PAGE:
Let’s face it, running your own business is hard work. Friends, family, and clients often see the ‘romantic’ side of being a creative entrepreneur; raise your hand if you’ve ever heard these little gems:
To a photographer: “You get to take pictures all day? How fun!”
They didn’t see:
…The stressed out bride whose hair and makeup appointment went an hour late…
…whose grandma – who absolutely MUST be in the family photos…
…that can ONLY take place before the ceremony…
…who got lost on the way to the wedding location (where of course there is no cell reception)…
…OR the screaming children who WILL NOT smile for family photos…
…unless your husband (who is assisting you with lighting) is doing continuous monkey jumps.
(Yes, all of the above have happened to me!)
To a blogger: “Yeah, but what do you DO all day?
You can see the wheels turning as they envision you sleeping in, drinking lattes at fancy hipster coffee shops complete with perfect foam art, writing blog articles surrounded by clients just waiting to hand you checks. They don’t see:
…The days when you can’t find the words to capture the story you want to write…
…the hours that you wrestled with WordPress…
…because your internet connection was slow for an unknown reason…
…AND your favorite Photoshop action mysteriously disappeared…
…on the eve of editing all the images for the online training program you’re about to release…
…OR your accountant is missing a receipt from January of last year and you’re searching the pockets of the winter jacket you pulled out of storage JUST IN CASE. (This is starting to feel like a confessional… )
To a consultant: “You charge WHAT per hour?
Insert moment of silence while they calculate that based on your hourly rate x 40 hours per week x 52 weeks per year you must be making $728,000.53 a year. Basically inferring that they wish they made that much money for an hour of work, not seeing the countless hours of unbillable work, meetings, answering emails, practice, thousands of dollars of computer programs, accounting, marketing, website design, travel time, and the never ending lists of what must get done to keep a business not just surviving but thriving.
To an artist: “Can you just sketch some drawings for me on spec? I’ve sent the details to three other artists and we’ll decide who to give the job to once we’ve seen all the artwork if our proposed budget comes through.”
My motto? Just say ‘no’ to spec work. (But that’s another blog post!) They don’t realize that creative energy comes at a cost to you. Art is not just ‘fun’, it can be all encompassing of creative energy, time, and very few creatives that I know only work while on the clock. How many of you have spent hours mentally and emotionally invested in a project while far from your desk and billable time? I’ve gotten up in the middle of the night to sketch an image that popped in my head at 3:00 am, had some of my best ideas come in the shower, or found myself brainstorming while out on a run or during a date with my husband.
To a videographer: My neighbor’s sister’s cousin’s highschooler just got a new point and shoot camera that shoots video and started a business and she would only charge $20!”
Mental face palm. Breathe deeply. Smile sweetly. Remind yourself that they truly have no idea that a well-intentioned comment or seemingly innocent question could be that insulting.
To a graphic designer: “Can you just take 15 minutes and design a free new logo for my new business? You are so creative it will be so easy for you and a great example for your portfolio!”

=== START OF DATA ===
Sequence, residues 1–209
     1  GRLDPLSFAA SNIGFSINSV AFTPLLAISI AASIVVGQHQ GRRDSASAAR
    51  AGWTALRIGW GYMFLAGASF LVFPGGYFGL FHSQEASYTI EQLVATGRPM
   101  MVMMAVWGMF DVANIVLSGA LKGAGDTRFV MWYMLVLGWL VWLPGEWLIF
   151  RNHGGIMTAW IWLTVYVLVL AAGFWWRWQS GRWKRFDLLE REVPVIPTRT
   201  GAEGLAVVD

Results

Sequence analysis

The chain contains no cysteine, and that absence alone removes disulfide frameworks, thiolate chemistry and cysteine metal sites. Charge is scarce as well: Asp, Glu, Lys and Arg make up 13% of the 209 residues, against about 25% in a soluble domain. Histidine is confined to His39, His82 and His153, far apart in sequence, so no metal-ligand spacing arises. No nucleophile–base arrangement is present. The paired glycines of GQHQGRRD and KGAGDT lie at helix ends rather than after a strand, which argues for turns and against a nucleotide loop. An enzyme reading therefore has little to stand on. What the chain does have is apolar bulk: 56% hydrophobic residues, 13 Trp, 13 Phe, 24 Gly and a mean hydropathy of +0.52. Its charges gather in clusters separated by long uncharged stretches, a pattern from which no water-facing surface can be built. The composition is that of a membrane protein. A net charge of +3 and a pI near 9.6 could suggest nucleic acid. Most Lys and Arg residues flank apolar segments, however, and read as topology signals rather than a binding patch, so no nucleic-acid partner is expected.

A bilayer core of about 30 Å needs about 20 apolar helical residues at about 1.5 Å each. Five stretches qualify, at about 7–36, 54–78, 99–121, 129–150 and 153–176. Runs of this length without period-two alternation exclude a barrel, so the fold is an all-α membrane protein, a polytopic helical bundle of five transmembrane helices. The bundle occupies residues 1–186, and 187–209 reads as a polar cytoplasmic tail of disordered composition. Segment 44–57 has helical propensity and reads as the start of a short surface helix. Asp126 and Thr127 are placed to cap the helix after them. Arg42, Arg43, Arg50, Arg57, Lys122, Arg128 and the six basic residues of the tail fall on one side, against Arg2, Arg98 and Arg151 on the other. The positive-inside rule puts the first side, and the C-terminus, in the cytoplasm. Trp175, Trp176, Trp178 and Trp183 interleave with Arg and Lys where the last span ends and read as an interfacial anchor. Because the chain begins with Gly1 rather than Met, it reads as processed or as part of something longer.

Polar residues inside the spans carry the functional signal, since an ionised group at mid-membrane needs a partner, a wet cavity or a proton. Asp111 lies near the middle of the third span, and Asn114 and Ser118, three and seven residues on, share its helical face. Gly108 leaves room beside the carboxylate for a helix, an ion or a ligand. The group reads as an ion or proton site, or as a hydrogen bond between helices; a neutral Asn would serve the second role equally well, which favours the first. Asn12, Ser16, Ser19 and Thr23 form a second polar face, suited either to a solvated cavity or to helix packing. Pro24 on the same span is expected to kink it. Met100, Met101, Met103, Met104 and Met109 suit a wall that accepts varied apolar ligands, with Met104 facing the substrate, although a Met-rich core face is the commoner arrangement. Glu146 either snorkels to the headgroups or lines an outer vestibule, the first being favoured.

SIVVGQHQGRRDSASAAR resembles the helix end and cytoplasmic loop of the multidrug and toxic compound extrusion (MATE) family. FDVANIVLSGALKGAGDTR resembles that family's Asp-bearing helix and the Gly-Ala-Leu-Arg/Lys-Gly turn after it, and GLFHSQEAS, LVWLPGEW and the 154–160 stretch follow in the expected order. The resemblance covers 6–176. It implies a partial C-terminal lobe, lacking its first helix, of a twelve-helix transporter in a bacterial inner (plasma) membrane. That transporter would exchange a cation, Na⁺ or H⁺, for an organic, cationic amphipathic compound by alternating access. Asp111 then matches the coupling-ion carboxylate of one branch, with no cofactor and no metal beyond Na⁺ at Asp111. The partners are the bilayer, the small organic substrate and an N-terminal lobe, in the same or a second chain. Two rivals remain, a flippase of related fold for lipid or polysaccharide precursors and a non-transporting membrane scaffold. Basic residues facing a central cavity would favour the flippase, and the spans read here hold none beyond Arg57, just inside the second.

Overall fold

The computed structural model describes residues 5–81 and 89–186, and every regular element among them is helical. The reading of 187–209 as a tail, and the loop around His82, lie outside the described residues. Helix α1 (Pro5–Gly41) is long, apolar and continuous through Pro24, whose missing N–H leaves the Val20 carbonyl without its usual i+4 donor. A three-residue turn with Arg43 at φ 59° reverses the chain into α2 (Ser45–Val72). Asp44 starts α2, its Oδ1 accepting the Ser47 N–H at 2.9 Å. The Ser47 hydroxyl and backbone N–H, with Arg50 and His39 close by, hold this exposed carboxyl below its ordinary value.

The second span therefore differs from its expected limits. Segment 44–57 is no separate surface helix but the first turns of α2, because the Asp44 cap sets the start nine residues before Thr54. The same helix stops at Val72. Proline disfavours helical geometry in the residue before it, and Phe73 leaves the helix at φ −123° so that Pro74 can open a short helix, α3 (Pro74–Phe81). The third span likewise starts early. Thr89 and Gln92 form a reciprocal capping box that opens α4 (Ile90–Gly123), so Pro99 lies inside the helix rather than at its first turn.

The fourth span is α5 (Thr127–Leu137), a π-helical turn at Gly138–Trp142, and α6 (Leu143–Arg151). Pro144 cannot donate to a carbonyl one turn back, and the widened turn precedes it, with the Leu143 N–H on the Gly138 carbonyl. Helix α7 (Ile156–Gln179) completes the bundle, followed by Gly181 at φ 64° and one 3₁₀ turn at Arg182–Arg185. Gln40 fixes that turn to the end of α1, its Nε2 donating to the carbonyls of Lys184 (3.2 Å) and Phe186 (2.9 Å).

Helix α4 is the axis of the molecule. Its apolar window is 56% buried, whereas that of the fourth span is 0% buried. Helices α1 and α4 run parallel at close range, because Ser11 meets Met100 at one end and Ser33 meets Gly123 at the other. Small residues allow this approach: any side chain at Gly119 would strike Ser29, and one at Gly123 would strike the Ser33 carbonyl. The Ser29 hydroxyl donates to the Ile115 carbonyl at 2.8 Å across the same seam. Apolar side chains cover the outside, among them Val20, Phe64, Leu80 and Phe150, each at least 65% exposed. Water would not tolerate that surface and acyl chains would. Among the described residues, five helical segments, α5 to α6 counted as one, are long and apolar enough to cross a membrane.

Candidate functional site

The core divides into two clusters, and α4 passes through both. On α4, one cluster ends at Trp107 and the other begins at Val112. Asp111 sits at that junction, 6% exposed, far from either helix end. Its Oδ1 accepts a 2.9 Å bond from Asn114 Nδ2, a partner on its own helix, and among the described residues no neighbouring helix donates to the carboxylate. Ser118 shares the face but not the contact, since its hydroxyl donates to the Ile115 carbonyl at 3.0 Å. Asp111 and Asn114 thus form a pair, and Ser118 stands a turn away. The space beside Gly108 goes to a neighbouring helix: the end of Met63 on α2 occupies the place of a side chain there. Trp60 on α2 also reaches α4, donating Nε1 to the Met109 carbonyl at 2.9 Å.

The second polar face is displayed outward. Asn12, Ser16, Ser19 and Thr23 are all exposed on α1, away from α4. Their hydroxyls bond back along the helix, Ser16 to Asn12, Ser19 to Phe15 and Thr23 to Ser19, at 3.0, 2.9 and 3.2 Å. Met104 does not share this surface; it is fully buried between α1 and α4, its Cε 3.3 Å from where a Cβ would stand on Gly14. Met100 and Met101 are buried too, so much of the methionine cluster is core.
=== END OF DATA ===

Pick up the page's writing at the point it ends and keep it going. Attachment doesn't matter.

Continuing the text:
They just see what looks like an easy font and icon. They have no idea of the creative energy, logistics, kerning, aspect ratios, color theory, CMYK/RGB color shifting between print and web, vectors, copyright laws, and a long list of other factors that a professional graphic designer must put into each and every logo.
To a web designer: “Can you design a fully functioning website with a store that I can edit everything myself even though I don’t know anything about web design?”
Once I almost got thrown out of a used car salesman’s office because I gave him a realistic but low end quote on designing a website like this for his businesses and then found out that he was only willing to spend $250. Yes, you read that right! I smiled, wished him the best, and drowned my sorrows (and shock) in a good cup of coffee.
To a musician: “I’d love to have you play on my CD! I can’t pay you, but it will be free exposure!”
(And I’ll recommend you to all my other non-paying friends)
If you are new to working on your own or your bank account is feeling a little desperate any of the above comments can be tempting. Depending on the situation I do think there are specific times that weighing out the benefits may be worth pro bono or reduced rate work – especially when it’s for a good cause, but those are an exception by far.
A little caveat: I don’t say all of this to be negative or make fun of those that I’ve heard these comments from – I know I’ve unknowingly done the same in talking with people in fields that I have no experience in! Sometimes in the seriousness of real business in real life, we need a little humor to lighten the load. Sometimes laughter really is the best medicine!
Come back tomorrow for Part 2 where we’ll discuss: 5 Steps for Responding to “Yeah, but what do you DO all day?” Statements, and a free worksheet for you to apply the steps to these types of questions specifically in your creative profession!
Until then, let’s talk about you!
What are some of the little gems of comments that you’ve heard from well-meaning friends, family, and clients? Take a few minutes to write out 3-5 of the most common questions you hear or the ones that you find are the most difficult to know how to respond too. Feel free to post below with your name and website address and I will add some to the post!All the best,